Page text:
Tasty Tuesday


Lalab comprised of lettuce leaves, cabbage leaves, cucumber, leunca, terong (small eggplant,) and sambal served while waiting for the main course at a Sundanese restaurant in Ciamis, West Java.

Considering Indonesia is made up of thousands of islands, and has been colonized and conquered a handful of times over its history, the culture and cuisines from region to region very greatly. The foods found in Bali and Sumatra and Java may be, on the surface, similar rice-based diets with varying vegetables and meats. Dig [your spoon] deeper, and these regional cuisines become quite different.

I live in West Java, where Sundanese food reigns. This food is similar to other Indonesian regional styles in that we eat mainly rice accompanied by a small amount of boiled or stewed vegetables, and a small amount of fried chicken, tempeh, or tofu. It’s the flavors and eating style that give this food away as Sundanese along with the unmistakable “appetizer,” lalab.

Lalab is a type of salad, served cold or room temperature, usually comprised of a combination of lettuce or cabbage leaves, cucumber, tomato, leunca (black night shade), chayote, and eggplant. No matter what is in the salad, it is always served with a side of sambal, spicy fish and pepper paste, whose flavors also vary greatly from region to region and can be found easily across Indonesia.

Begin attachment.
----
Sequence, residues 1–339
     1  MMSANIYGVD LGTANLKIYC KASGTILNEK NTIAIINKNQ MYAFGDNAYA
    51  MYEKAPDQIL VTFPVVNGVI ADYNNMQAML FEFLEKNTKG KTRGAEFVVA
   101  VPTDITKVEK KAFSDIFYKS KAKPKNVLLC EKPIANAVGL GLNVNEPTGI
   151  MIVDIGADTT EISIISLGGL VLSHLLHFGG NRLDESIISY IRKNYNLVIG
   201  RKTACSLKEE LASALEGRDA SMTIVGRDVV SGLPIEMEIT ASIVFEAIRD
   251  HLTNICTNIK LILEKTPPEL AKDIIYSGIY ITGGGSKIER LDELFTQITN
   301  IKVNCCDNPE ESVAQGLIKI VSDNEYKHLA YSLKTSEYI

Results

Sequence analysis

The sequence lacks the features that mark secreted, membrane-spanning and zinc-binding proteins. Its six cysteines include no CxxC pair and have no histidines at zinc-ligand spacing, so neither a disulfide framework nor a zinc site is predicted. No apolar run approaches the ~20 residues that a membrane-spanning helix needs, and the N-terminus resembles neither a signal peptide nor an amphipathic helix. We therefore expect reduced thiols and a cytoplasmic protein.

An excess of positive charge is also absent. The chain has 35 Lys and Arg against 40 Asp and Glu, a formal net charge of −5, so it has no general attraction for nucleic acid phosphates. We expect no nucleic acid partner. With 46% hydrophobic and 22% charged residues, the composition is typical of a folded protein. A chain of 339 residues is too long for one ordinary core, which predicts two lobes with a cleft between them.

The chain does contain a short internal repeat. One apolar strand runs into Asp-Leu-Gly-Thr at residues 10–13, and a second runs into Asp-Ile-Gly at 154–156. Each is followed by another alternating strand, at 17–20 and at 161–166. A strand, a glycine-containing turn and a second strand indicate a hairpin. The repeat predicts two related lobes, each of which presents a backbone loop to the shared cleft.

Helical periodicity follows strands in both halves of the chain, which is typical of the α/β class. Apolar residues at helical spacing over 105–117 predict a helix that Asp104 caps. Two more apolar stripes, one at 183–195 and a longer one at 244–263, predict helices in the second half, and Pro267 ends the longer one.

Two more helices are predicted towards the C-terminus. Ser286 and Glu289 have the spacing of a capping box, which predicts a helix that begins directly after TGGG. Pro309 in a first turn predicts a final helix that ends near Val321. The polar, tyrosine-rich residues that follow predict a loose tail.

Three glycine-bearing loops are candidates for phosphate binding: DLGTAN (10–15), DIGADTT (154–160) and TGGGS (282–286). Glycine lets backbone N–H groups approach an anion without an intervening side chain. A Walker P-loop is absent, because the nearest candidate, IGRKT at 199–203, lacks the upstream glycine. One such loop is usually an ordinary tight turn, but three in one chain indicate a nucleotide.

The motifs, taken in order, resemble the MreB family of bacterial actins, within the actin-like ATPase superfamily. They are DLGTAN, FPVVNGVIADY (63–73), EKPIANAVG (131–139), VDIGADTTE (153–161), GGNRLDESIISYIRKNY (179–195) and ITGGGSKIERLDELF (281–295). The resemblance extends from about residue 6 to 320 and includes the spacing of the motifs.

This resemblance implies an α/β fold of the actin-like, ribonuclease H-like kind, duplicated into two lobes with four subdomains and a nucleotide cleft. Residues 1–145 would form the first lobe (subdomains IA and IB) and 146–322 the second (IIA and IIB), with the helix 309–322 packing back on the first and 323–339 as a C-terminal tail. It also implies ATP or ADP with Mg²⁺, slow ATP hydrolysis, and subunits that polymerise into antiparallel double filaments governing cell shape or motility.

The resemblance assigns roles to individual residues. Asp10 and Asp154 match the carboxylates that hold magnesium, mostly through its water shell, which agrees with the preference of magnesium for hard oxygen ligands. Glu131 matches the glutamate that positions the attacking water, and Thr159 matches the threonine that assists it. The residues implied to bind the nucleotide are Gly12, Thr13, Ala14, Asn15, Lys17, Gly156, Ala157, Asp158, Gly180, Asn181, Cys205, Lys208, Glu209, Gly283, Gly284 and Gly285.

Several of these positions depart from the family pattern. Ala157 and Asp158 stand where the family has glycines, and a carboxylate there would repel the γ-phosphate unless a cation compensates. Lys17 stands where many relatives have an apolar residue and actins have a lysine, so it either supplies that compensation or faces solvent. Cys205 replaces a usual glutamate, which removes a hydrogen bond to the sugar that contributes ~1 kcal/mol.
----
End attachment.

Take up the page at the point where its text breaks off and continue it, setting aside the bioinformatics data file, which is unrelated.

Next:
Upon sitting at a Sundanese restaurant and ordering, you are usually brought a few platters of lalab (depending on how many people you are with, usually a platter per four people) and hot tea. It’s wonderfully refreshing to munch on these raw vegetables as you wait for your food, and also a nice palate cleanser while enjoying your meal as Sundanese food is usually filled with spicy, sometimes stinky, flavors.

Lalab will be brought to your table automatically, and complimentary, at any Sundanese restaurant and even many street stands, so in order to find this common treat, all you have to do is head to your nearest Sundanese restaurant!

*Bonus Note: In Sunda culture, meals are usually eaten on the floor sitting on mats, and with your hands. There are usually bowls of water placed on the tables for you to dip your hands to clean them after your meal. I eat with a spoon at home, but have yet to see a fork anywhere in my village.


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